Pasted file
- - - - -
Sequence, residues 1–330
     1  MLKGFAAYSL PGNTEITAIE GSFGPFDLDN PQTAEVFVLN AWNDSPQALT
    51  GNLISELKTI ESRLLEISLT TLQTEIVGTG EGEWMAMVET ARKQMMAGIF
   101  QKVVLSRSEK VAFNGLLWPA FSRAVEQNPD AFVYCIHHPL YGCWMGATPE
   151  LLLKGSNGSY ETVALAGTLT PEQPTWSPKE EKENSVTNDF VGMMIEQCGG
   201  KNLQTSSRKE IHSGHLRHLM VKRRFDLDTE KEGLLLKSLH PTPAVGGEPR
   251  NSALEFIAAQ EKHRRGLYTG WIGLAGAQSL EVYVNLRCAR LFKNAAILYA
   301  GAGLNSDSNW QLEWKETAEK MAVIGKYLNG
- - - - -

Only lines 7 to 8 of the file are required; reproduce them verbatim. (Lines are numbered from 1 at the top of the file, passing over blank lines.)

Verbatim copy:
   251  NSALEFIAAQ EKHRRGLYTG WIGLAGAQSL EVYVNLRCAR LFKNAAILYA
   301  GAGLNSDSNW QLEWKETAEK MAVIGKYLNG